Some time later, she devises a game which they immediately start to play. The rules of the game are relatively simple, but this is precisely because the game itself is not. The games requires that several times a year they travel to some random city, preferably somewhere large and touristy; counter to expectation, they travel separately and do not stay at the same hotel. They are not allowed to take mobile phones or guidebooks and their knowledge of the cities they’re visiting should not be too specific, perhaps two or three sights they agree in advance not to visit. Neither should know where the other is staying or what places they plan to visit.

Nevertheless, the objective is for them to meet up and travel back together. Obviously, the likelihood that this will happen is minimal, indeed she has drawn up detailed and deeply discouraging statistics on the subject, but the difficulty is the principal motivation for playing the game and, besides, in the end, they always manage to meet up.

‘A Peculiar State’ by Patricio Pron

(tr. Rosalind Harvey)

They live in the neighbourhood of Altona, a place for artists and bohemians in Hamburg; from their apartment the slender tower of the building where she works as a statistician is visible. Whenever people ask him what he does, he tells them he is an external creative consultant for an advertising agency. He pronounces the three words slowly, ex-ter-nal cre-at-ive con-sultant, so his listeners have time to get some sort of idea of his job, although even he doesn’t really know what it consists of. Every now and then someone from the agency will telephone and ask him things like: ‘What do you think of when I say the word “chocolate”?’ ‘Black,’ he’ll reply, and the person at the other end will say ‘Hmmm,’ and hang up. They never give him time to think of anything else and he assumes that this time they’ll fire him, but the cheques keep on coming and every now and then he sees an advert on the TV or a billboard in the street that is the result of one of these phone calls. He finds this depressing. Sometimes, too, they send him pornographic texts or websites without images to translate into German. Mach mir einen Blasen, du Nutte! or, Was für einen geilen Arsch! he writes beneath the blank boxes. This is not depressing, only dull.

If they ask her what he does, she tells them he is going through a period of ‘professional reorientation’ caused by ‘the death of the novel and the peculiar state of the short story, periodically pronounced dead by critics and yet, nonetheless, somehow still alive,’ something she read in a Sunday supplement, a column written by a literary critic who is always on TV. He has published three novels and two collections of short stories, although this was a while back now. She likes to put his books in the living room when they’re expecting guests so she can pass them round and give them as presents if their visitors show any interest. If he catches her before their guests arrive, he quickly goes and hides the books in the room that was once his study, where there are dozens of boxes of copies that his publisher returned to him some time ago, to save themselves the trouble of pulping them. She thinks he should be proud of his work despite the death of the novel and the peculiar state of the short story, but it’s been some years since he’s thought about these things.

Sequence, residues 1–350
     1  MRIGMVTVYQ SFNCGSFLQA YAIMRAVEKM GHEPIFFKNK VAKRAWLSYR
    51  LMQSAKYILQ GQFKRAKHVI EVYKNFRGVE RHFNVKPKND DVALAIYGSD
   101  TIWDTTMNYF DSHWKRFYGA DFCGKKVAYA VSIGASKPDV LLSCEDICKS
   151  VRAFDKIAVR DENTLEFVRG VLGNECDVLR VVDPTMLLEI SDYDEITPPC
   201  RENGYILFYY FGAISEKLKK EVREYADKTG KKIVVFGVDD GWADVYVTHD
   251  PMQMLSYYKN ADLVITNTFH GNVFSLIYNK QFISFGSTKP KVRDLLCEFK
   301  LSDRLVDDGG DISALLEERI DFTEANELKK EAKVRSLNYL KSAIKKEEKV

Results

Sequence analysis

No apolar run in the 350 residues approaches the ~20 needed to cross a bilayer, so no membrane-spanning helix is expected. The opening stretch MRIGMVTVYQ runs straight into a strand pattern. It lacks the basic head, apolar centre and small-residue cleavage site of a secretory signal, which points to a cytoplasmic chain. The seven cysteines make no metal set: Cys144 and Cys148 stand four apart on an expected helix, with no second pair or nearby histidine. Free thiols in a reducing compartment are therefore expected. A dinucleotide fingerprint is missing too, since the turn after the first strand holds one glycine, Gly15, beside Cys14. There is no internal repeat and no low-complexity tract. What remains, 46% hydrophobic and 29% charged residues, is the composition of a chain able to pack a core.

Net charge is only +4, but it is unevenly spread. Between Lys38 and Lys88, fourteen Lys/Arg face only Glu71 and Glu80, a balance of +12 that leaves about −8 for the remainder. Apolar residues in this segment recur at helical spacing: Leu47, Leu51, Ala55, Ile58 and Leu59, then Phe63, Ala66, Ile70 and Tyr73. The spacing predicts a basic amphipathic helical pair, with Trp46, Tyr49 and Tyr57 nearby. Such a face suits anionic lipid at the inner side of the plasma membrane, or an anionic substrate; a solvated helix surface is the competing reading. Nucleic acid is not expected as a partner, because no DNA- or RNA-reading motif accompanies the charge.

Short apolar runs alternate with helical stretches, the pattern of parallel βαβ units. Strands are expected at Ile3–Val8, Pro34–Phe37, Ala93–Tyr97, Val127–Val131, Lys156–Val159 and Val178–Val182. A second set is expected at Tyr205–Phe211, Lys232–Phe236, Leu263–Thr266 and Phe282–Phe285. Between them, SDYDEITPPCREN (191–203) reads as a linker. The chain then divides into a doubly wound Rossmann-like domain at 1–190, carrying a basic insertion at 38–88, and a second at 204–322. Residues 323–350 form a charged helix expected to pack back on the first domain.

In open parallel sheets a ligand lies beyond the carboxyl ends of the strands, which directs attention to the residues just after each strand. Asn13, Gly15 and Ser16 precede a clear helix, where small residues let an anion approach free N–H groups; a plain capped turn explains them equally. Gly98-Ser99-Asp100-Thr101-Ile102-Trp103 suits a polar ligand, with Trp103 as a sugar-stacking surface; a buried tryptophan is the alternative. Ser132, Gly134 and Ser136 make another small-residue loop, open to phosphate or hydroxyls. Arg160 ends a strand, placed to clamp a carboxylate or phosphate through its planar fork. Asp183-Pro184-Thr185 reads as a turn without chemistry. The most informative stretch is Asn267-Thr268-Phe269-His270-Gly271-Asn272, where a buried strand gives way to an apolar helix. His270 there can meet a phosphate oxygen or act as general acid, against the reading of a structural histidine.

‘What’s wrong with him?’ she sometimes wonders. She thinks he is like an office building in which the lights are slowly going out, one by one, as the employees leave, and now the security guard is arriving and switching off the last few, and perhaps only the ones in the corridors are still on, blazing like those on a runway just before a plane crash. She thinks he should get another job or a new haircut, that they should go on holiday or read more. She buys a book by Fyodor Dostoyevsky that he never reads. He is part of the 41% of the German population that hasn’t read a single book in the last three months, she thinks. She thinks that she has to think of something.

Some time later, she invents a game they begin to play immediately. While the rules are relatively simple, this is because the content is not. The game is that several times a year, she and he travel to a city, if possible a big, touristy one. Unusually, they travel separately and do not stay in the same hotel. They aren’t allowed to take mobile phones or guidebooks and their knowledge of the city they visit must not be too specific, perhaps two or three monuments they agree beforehand not to visit. Neither one of them should know where the other is going to stay or which places she or he will visit. They must, however, find each other and go back home together.

Naturally, the possibilities for this occurring are infinite, and in fact she has already elaborated some very good and rather disheartening statistics on the matter, but the game’s difficulty is its main attraction; in any case, sooner or later, they always find each other in the end.

Patricio Pron